PST, A to Z: ‘Asco’ and ‘Edward Kienholz’ at LACMA
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Pacific Standard Time will explore the origins of the Los Angeles art world through museum exhibitions throughout Southern California over the next six months. Times art reviewer Sharon Mizota has set the goal of seeing all of them. This is her latest report.
In a catalog essay for the current Asco retrospective at the Los Angeles County Museum of Art, scholar Chon Noriega compares its “Spray Paint LACMA” with Edward Kienholz’s “Back Seat Dodge ’38.” Both were controversial works. In 1972, the members of the Chicano conceptual art group tagged the LACMA building, essentially appropriating it as their own work of art. Kienholz’s installation depicting a couple having sex in a car was deemed pornographic during his 1966 retrospective at the museum. However, Noriega observes that while LACMA curators sided with the powers that be in quickly whitewashing Asco’s work, they went to bat for Kienholz — a white man and a prominent figure in the L.A. art scene — keeping the L.A. County Board of Supervisors from closing his show.
Now, as part of Pacific Standard Time, works by Asco and Kienholz are both on view at LACMA. Active from 1972 to 1987, Asco is finally getting the full retrospective treatment for its playful, mostly ephemeral performances subverting Chicano stereotypes and pop cultural conventions. (Check back with Culture Monster for a complete review of the Asco show by Christopher Knight.)
Kienholz is represented by a single, bombastic installation, “Five Car Stud.” Created between 1969 and 1972, it’s a life-size tableau of a group of white men brutally attacking a black man. (See Holly Myers’ feature and this editorial for the full story.) He was finishing this piece in Los Angeles just as Asco was sallying forth onto the streets.
Parity between the two shows is progress, to be sure, but it also brings up other issues. The exhibitions represent two very different responses to racism. Of course, Kienholz and Asco came from different generations and cultural backgrounds — he was a middle-aged man raised in the rural Pacific Northwest; the group’s members had just graduated from high school in East L.A. Their respective works from this time bracket, a transition from an era in which racial discrimination seemed insurmountable, to one in which all types of difference — color, gender, sexual orientation — were up for grabs. If Kienholz mines the deep-seated problem of racism, Asco, whose name means “nausea” in Spanish, offers something of a solution: Burn it down and start again.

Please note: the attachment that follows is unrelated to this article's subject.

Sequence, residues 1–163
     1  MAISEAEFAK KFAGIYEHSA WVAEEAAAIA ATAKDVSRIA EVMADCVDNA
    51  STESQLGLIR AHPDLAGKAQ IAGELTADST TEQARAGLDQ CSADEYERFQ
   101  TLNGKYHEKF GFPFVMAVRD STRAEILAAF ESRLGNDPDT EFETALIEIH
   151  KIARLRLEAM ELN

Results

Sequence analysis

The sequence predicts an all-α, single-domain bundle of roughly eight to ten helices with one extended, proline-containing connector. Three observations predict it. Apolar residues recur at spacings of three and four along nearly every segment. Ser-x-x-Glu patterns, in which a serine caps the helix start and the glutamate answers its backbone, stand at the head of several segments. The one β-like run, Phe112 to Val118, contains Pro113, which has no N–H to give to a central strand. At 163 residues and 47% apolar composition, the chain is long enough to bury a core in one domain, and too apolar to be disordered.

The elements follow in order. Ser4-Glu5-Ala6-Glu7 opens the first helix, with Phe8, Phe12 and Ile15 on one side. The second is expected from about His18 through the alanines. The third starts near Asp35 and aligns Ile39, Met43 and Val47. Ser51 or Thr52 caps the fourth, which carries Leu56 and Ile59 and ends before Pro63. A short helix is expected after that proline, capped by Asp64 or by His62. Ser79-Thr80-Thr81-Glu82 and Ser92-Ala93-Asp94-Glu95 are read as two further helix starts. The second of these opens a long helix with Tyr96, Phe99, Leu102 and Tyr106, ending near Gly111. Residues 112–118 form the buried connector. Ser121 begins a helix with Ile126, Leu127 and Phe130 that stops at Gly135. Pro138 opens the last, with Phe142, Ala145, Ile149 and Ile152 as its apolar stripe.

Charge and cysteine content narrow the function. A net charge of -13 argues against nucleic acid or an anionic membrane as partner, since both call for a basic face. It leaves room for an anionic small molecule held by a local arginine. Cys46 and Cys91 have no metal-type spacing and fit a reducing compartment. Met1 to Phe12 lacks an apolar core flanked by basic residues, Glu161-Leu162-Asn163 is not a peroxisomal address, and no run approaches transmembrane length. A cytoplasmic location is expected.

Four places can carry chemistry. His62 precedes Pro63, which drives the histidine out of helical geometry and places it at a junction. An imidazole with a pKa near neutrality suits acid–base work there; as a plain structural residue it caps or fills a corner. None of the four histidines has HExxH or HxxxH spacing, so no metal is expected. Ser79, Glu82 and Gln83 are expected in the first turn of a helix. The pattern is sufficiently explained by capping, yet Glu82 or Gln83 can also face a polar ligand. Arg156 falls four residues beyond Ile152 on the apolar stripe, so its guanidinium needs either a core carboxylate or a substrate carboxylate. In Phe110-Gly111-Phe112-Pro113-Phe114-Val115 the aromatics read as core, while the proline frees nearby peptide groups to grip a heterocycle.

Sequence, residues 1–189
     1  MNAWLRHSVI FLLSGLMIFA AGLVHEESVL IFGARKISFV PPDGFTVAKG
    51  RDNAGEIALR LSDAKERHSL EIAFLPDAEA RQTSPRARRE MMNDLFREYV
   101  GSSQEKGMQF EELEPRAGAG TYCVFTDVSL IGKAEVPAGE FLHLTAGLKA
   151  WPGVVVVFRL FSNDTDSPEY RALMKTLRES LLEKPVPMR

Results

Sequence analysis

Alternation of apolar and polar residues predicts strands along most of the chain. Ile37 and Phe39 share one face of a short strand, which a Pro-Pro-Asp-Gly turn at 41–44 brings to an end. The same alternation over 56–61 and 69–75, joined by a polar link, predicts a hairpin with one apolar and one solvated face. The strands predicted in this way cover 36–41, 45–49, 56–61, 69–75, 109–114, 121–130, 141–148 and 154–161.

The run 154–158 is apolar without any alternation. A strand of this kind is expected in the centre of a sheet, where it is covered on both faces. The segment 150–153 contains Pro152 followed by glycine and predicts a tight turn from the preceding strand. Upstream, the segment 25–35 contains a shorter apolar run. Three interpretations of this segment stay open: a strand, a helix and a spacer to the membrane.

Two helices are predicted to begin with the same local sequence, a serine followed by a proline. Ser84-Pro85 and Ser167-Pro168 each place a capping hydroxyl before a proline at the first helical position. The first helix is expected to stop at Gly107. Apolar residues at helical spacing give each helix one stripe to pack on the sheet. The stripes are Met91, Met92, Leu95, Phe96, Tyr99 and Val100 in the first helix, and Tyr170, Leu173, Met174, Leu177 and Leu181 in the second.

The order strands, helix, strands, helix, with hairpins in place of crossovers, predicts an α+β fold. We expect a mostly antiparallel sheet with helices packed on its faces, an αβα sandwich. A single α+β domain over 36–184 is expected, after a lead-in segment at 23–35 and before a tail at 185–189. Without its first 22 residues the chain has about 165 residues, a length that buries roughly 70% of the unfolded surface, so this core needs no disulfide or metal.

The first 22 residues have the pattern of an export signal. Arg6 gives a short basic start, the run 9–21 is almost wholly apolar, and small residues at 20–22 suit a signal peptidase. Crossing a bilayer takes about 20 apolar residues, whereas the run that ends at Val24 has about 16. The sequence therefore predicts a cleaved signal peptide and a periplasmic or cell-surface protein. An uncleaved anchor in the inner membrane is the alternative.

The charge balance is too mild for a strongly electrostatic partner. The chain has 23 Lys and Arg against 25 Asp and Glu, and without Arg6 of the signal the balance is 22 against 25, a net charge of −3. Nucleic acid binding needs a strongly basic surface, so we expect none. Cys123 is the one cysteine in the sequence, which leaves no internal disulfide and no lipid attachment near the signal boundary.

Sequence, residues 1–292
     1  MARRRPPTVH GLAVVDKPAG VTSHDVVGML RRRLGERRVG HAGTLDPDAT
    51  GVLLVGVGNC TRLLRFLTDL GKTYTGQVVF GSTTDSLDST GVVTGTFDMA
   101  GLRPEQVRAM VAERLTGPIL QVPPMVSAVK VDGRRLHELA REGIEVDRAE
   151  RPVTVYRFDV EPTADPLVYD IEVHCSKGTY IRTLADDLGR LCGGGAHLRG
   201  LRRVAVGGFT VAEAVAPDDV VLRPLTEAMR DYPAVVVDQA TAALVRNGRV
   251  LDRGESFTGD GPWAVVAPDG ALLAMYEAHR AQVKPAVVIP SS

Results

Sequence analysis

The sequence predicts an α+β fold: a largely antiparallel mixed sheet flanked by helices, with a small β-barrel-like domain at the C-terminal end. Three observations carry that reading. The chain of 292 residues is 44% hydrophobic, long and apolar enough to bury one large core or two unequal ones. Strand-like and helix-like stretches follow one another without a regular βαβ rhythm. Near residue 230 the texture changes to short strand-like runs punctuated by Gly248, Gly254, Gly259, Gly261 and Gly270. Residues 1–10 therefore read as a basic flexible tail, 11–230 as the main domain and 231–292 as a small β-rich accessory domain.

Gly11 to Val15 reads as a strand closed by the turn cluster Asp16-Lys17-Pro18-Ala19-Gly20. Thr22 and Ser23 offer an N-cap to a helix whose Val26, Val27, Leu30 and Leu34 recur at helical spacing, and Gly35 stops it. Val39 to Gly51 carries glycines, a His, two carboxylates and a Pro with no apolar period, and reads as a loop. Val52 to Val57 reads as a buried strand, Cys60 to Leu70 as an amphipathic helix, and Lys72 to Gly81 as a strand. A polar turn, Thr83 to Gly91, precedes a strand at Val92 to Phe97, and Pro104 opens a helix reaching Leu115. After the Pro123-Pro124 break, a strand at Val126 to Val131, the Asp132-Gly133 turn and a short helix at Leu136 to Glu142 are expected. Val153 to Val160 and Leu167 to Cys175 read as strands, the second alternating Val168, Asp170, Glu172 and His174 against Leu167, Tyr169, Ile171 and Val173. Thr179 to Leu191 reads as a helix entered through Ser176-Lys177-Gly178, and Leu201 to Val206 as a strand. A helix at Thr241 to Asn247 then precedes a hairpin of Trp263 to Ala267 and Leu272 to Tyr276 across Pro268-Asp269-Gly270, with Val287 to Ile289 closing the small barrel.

That said, “Five Car Stud” is plainly nauseating. In a large, darkened room illuminated only by the headlights of four cars, five white male figures wearing gruesome Halloween masks pin a struggling black man to the ground. His torso is a void filled with oily liquid upon which float the letters of the N-word. He is literally a slur.
Viewers walk directly into, around, and through this horrifying scene, and in doing so, are made complicit in its cruelty. Completing the scene, the soft dirt that covers the floor is full of footprints — evidence of others who came before, looked, and did nothing. The imperative of the art object — don’t touch! — and the creepy presence of a watchful museum guard reinforce this helplessness.
Although there is nothing to touch in the Asco exhibition either, the work refuses to box the viewer into a single point of view. Instead, it is multifaceted, even ambivalent, particularly in the early, unscripted street performances. In photo documentation, we see the group’s members walking city streets dressed as the figures in a “living” mural (the stereotypical Chicano art form), posing as the dead victims of gang violence, or performing the stations of the cross to call attention to inordinate numbers of brown men dying in Vietnam.
If Kienholz dramatized the horror of real events in the art gallery, Asco brought art out to play in real life. In the process, the members refused to be hemmed in by racist assumptions about who they were or where they belonged. In one of their last performances, created for Agnes Varda’s 1981 film “Mur Murs,” they fashion common mural figures and objects out of large pieces of paper and burn them, proclaiming the birth of the new out of the ashes of the old. Self-styled in kooky costumes and outlandishly painted faces, they look like jesters of radical possibility.
-- Sharon Mizota
Los Angeles County Museum of Art, 5905 Wilshire Blvd., (323) 857-6000, through Dec. 4 (Asco) and Jan. 15 (Kienholz). Closed Wednesdays. www.lacma.org